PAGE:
I now cared very about social justice and I embraced the inclusion that Greenbelt showed, but it strangely felt that it, not I, was more conservative. It had taken steps back to towards it more evangelical roots while I’d pole vaulted from mine. We had passed each other like comets, riding together for a time, and veering into disparate directions.

I wasn’t sorry to leave and to explore Cheltenham. I felt that I’d be unlikely to go gain – especially as Greenbelt left that site and reverted to camping.

So why is Greenbelt something I’m writing about now, except that it’s now happening?

Because those Cheltenham visits inspired scenes in my new novel, all about that Safe Space, those seminars where evangelical and liberal meet, where social justice and faith come together. It’s the final chapter.

I think it may be for me and Greenbelt. I approached them to share the novel – naturally – as I’d not only given them a few thousand words of space in it at the most crucial point, but its being all about the kind of things its attendees care about, such as modern church life and those that are a bit different.

But I found that the social justice they preach wasn’t being practised. The book tent has a contract to exclusively sell books on the site and it wants 50% of the cover price to sell yours – though it excludes self published ones when they’ve little space. I pointed out that most books don’t have that cut to spare and causes the author and publisher – which are both me – who has spend perhaps years at their own expense, to make a loss. I was asked to send, at my expense, a free copy to the team for a possible social media mention. A 40 year old festival commanding £150 a ticket for tens of thousands, asking a new self published author who’s been in financial struggle to send a book for them to consider a tweet? And that they were too busy to talk more.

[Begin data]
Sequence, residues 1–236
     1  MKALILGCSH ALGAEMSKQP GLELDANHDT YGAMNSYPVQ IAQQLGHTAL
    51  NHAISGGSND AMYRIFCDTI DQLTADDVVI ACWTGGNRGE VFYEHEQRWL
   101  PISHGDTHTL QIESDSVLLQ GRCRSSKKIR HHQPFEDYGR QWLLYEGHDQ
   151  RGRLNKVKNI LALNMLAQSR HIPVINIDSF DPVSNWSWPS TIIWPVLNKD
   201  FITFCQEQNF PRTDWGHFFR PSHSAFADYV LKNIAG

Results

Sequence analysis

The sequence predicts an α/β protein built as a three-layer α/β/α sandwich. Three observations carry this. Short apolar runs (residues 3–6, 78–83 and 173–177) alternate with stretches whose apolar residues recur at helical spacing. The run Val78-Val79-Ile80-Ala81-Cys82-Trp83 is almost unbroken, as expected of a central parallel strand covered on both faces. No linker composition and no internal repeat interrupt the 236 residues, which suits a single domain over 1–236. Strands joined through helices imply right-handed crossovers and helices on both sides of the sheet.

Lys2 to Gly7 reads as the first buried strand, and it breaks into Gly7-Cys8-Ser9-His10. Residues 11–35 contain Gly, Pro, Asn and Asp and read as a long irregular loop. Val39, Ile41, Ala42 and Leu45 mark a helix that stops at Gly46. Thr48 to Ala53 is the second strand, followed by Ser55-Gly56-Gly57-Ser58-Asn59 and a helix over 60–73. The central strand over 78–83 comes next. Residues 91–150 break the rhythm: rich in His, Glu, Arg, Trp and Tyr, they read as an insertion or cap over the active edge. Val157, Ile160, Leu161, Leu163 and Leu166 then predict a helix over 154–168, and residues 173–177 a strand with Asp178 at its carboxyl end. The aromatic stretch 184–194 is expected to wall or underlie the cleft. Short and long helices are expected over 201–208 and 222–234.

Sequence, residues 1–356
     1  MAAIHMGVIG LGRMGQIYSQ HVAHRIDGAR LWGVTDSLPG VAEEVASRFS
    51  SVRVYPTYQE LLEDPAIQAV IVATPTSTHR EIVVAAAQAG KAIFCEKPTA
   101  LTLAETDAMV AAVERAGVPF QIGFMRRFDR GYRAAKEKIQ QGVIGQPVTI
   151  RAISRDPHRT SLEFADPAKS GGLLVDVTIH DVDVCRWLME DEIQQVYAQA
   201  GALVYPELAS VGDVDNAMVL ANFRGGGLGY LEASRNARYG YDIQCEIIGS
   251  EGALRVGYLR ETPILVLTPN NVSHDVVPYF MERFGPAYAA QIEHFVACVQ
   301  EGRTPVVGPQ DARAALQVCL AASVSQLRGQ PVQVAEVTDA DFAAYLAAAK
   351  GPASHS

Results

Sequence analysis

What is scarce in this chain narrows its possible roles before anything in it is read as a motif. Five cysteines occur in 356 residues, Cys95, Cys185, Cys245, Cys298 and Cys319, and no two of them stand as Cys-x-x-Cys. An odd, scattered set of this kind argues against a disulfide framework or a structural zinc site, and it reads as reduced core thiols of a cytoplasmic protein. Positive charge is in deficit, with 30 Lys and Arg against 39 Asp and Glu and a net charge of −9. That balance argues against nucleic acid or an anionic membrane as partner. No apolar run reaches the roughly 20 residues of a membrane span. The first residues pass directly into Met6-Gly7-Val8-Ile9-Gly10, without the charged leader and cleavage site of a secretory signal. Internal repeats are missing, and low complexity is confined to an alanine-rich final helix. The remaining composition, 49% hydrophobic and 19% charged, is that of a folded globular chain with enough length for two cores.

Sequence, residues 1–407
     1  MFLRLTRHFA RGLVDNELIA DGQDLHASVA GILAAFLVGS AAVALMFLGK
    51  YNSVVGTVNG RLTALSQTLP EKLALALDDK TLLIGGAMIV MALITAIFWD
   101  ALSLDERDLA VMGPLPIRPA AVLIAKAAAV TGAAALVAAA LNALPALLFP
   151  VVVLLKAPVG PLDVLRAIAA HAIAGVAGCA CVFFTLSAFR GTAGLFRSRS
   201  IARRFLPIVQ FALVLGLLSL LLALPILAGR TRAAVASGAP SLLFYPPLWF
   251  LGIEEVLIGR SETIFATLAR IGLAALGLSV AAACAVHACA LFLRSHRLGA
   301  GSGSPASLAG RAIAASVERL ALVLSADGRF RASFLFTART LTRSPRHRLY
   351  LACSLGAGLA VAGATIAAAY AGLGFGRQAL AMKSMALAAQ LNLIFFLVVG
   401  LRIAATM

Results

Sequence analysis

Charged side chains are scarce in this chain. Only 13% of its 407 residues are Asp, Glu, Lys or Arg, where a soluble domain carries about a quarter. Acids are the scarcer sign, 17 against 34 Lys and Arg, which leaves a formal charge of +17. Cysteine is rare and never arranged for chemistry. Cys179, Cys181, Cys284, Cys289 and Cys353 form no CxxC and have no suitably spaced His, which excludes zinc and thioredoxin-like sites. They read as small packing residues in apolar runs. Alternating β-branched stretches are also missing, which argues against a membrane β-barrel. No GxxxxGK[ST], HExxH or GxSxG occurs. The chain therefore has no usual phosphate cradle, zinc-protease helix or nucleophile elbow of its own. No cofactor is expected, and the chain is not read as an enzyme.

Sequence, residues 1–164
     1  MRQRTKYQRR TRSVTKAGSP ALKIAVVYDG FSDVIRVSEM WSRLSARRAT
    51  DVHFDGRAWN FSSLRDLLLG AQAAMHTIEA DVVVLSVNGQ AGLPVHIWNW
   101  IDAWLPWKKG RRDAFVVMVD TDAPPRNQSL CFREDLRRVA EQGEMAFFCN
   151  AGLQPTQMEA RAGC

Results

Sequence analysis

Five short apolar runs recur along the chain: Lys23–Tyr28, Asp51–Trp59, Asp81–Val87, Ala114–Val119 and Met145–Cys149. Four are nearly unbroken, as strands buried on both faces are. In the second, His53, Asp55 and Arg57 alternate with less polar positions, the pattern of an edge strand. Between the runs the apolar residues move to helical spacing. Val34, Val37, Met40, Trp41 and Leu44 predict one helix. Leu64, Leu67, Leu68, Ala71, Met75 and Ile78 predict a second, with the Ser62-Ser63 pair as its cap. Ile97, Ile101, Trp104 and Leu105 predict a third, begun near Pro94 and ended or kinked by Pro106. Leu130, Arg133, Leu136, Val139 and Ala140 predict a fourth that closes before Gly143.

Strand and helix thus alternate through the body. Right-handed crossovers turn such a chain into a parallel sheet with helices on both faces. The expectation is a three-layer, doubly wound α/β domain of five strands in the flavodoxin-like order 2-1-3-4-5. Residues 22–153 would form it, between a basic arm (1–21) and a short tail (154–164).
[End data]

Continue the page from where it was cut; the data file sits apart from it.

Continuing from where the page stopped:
Hence I’m not at Boughton House near Kettering this weekend and may not be again.

But I do hope some festivallers – past and present – might enjoy relieving those Cheltenham years and joining in my fictional weekend at the pivotal point of other Elspeth’s journey.

You don’t know what I mean, and you’d like to?

Then go to http://www.parallel-spirals.webs.com.

More about the fairness of publishing will be appearing on this site.

 

 

 

 

 

 

 

 

 

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Why I’m disillusioned with the publishing world

Although many publishers and agents claim to want to champion the work of writers (I am sure genuinely)…

We are told that 98% of agents reject submissions, and without one most big publishers will not look at your work.

Yet the publishser takes a bigger cut than the author, who gets only 8-10% of book sales, meaning that for 100,000 copies, (and all those years of soul inspired work), you’ll get minimum wage. (Agents take their commission out of the author’s royalties).

This is making me ask: why go that route?

I was against e-publishing and pro bookshops, but it occurs to me that it’s book chains who are damaging the book trade. They can discount too far and they stock only what they consider will sell. I know from being a former bookseller that where once the shop staff had the power to order their own stock, this is moving more to head office level. Range is sacrificed to large numbers of sure sellers.

This does not help the independent bookshops who cannot command the same discounts. It also affects small publishers.

And this affects what is written, or allowed to be publicly expressed.

Agents and publishers tell you you need an agent because it gives the agents work and saves the publisher doing it. They tell you there’s no kudos in self publishing, calling it “vanity” to degrade it. Self publishing and e-publishing tell you you don’t need agents; they will remind you of the tiny cut you get, the rights and control you may lose, and how hard it is to be published.